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What is Bitcoin? Bitcoin is a cryptocurrency and a digital payment system invented by an unknown programmer, or a group of programmers, under the name Satoshi Nakamoto. It was released as open-source software in 2009.
The system is peer-to-peer, and transactions take place between users directly, without an intermediary. These transactions are verified by network nodes and recorded in a public distributed ledger called a blockchain. Since the system works without a central repository or single administrator, bitcoin is called the first decentralized digital currency.
Besides being created as a reward for mining, bitcoin can be exchanged for other currencies, products, and services in legal or black markets.
Bitcoins in its pure essence is money. It is digital currency that serves the same functions and pu…

US Regulators Target Bitcoin ATMs: 88% of the Funds Exit the Country via Machines

Bitcoin automated teller machines (BATMs) will become the next target for regulators, as world governments tighten screws on money laundering.

According to Ciphertrace CTO John Jeffries, crypto-cash machines will attract “greater…regulatory focus” in a bid to rein-in alleged cross-border illicit financial transfers.

Jeffries urged “the need for more uniform regulatory enforcement and compliance” as governments start to crack down on crypto-infused automated teller machines.

This comes as Ciphertrace released a report showing that cross-border transactions accounted for 74% of bitcoin moved between exchanges in 2019. Of this, 88% of funds leaving the United States through bitcoin ATMs were sent to cryptocurrency exchanges abroad – mostly to “high-risk” platforms.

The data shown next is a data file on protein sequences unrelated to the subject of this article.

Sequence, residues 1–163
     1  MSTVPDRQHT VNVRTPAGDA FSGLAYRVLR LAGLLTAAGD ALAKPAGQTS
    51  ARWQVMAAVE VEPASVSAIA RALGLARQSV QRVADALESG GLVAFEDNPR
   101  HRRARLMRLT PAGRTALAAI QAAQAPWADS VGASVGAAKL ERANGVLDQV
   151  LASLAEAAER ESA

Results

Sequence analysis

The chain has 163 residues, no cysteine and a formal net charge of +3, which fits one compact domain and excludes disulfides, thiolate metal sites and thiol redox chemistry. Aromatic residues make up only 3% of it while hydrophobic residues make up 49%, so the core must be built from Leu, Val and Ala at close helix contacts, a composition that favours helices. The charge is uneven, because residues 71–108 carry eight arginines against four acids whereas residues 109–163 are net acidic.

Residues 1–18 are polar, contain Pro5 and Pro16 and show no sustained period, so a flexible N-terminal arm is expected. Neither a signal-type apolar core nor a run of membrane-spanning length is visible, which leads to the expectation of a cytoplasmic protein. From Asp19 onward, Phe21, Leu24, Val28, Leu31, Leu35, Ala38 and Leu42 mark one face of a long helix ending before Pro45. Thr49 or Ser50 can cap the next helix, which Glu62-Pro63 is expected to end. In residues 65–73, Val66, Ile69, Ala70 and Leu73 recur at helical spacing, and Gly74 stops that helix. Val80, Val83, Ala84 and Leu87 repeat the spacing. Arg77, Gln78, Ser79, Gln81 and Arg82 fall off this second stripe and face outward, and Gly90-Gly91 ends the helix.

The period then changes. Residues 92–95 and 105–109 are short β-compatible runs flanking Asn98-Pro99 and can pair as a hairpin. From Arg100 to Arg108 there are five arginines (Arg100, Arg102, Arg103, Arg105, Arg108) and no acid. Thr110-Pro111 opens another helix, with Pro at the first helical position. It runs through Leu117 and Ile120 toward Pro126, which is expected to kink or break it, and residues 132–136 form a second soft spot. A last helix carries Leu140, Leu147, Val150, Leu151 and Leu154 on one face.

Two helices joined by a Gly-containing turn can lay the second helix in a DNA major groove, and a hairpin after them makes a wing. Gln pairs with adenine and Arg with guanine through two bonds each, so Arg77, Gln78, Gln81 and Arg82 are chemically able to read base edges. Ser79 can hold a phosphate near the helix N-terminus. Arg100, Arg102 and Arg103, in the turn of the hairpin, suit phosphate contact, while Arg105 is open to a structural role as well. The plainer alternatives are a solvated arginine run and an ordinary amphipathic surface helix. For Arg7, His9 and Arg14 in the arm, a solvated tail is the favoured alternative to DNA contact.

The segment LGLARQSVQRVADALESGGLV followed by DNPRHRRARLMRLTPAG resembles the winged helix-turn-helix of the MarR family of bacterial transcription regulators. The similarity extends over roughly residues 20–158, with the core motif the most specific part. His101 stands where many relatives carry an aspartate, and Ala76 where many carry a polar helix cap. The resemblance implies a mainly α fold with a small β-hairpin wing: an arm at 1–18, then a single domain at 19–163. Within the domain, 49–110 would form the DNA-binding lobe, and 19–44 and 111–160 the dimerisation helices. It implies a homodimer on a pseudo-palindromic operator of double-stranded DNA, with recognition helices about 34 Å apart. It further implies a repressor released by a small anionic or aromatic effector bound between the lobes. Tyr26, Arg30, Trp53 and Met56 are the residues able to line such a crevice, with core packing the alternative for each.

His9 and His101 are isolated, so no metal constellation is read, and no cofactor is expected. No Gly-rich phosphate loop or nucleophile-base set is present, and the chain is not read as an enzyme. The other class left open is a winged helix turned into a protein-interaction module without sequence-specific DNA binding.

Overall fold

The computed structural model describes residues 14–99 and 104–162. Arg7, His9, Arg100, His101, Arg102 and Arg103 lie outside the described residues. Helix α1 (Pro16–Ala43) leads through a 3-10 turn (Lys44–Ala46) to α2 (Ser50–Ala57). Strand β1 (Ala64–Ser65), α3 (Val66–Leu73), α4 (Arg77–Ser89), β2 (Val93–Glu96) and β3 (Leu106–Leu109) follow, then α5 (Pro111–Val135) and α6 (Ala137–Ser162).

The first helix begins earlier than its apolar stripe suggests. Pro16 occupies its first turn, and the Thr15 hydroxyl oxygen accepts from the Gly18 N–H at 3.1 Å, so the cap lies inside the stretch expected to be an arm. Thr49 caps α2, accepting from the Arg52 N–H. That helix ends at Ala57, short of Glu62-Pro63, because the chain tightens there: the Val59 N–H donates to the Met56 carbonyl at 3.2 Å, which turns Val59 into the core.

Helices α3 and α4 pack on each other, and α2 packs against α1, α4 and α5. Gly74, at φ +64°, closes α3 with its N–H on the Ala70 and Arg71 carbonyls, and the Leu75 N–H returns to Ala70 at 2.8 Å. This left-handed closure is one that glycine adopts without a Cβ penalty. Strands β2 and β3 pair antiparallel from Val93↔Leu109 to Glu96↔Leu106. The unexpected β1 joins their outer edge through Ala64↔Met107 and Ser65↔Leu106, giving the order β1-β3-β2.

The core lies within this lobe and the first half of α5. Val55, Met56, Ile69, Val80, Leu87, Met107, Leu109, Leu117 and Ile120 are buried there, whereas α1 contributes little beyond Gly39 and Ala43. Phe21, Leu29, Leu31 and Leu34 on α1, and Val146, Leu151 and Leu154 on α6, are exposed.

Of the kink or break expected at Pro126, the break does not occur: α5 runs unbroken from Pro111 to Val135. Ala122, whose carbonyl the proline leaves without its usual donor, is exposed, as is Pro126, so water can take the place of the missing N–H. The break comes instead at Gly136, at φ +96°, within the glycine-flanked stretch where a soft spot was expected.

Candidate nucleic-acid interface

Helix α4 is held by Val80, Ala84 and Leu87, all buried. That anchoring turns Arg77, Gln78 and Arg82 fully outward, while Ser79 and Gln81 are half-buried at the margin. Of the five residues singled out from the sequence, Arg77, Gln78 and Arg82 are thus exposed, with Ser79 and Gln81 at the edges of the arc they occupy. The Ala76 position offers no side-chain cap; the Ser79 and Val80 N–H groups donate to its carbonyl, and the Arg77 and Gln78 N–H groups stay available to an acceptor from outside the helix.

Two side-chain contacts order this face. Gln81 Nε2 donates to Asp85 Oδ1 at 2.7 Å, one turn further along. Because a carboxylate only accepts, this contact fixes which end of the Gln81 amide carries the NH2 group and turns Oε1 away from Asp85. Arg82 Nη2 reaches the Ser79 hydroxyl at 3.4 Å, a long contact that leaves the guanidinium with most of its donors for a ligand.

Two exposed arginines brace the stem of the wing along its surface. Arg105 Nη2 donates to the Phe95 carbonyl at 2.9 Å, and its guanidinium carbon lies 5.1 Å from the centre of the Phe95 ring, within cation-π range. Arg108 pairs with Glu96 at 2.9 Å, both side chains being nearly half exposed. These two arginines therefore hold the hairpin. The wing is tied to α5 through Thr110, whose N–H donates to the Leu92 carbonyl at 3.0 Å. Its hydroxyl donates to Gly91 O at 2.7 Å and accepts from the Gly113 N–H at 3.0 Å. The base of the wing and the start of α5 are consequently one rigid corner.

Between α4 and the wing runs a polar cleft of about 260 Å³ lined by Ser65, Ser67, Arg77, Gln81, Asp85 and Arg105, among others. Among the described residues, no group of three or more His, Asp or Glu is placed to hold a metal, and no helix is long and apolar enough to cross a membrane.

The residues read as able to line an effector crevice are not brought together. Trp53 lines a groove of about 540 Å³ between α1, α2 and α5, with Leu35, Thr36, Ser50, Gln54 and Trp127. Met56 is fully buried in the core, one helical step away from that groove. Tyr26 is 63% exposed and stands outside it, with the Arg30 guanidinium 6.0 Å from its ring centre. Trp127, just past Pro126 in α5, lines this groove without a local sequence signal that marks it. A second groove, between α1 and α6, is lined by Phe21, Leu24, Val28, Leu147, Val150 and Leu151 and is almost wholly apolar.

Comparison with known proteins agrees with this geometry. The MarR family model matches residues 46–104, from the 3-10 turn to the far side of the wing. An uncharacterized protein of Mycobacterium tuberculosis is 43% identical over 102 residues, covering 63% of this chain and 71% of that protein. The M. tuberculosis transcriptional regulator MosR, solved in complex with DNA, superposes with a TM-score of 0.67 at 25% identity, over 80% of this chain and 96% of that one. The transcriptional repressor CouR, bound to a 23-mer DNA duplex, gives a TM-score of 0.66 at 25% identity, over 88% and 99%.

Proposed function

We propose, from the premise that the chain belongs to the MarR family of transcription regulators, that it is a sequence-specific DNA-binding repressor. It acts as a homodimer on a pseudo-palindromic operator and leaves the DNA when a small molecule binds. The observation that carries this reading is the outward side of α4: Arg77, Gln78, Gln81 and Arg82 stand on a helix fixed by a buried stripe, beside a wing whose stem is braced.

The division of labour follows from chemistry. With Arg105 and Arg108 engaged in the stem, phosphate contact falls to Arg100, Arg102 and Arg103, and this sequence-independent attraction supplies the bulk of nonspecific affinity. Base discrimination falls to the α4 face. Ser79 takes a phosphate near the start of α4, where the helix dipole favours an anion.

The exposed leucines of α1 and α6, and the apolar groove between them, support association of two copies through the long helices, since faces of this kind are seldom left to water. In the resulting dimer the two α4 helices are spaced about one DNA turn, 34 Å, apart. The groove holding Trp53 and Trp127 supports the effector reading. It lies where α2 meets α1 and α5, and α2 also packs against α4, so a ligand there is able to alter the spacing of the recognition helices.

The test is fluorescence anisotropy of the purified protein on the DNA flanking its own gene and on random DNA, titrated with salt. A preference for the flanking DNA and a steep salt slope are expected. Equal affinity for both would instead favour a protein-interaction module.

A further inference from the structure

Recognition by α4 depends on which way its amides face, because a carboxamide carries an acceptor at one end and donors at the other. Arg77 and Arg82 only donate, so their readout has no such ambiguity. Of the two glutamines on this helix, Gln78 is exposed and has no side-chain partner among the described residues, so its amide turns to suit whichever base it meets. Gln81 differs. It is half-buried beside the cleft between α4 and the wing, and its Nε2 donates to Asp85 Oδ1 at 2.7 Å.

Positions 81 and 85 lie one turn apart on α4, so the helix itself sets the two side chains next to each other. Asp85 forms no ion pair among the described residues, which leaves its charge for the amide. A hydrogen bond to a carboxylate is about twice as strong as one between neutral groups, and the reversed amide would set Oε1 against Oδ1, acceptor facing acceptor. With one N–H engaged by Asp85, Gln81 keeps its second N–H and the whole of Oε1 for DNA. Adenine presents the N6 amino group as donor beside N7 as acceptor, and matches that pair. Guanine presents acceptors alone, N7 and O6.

The amount of money wired to overseas exchanges at high-risk has grown rapidly, doubling every year since 2017, said the crypto intelligence firm, in the report published on June 2, 2020. The report did not provide specific figures on the extent of capital leaving via BATMs.

High-risk exchanges are “nefarious exchanges known for facilitating criminal activities and money laundering,” according to Ciphertrace. These types of exchanges may not be inherently criminal, but illicit transfers through the platforms are cause for concern, it said.

Until now, bitcoin-facilitating machines – which total about 8,000 worldwide – have appeared to operate outside national anti-money laundering (AML) laws, attracting users keen on privacy – the wrong crowd, in government’s eyes.

In Canada, regulators have become stricter on bitcoin ATM transactions, recently passing a law that compels operators to report all deals above 10,000 Canadian dollars (about $7,400), as part of measures to prevent money laundering and terrorism financing.

Germany, Spain and the United States are all cracking down on bitcoin ATMs, both for tax and AML purposes. The crypto teller machines allow users to buy and sell cryptocurrency. They can also work in remittances, allowing transactions between two fiat currencies, underpinned by bitcoin.

What do you think about regulators going after Bitcoin ATMs? Let us know in the comments section below.

The post US Regulators Target Bitcoin ATMs: 88% of the Funds Exit the Country via Machines appeared first on Bitcoin News.



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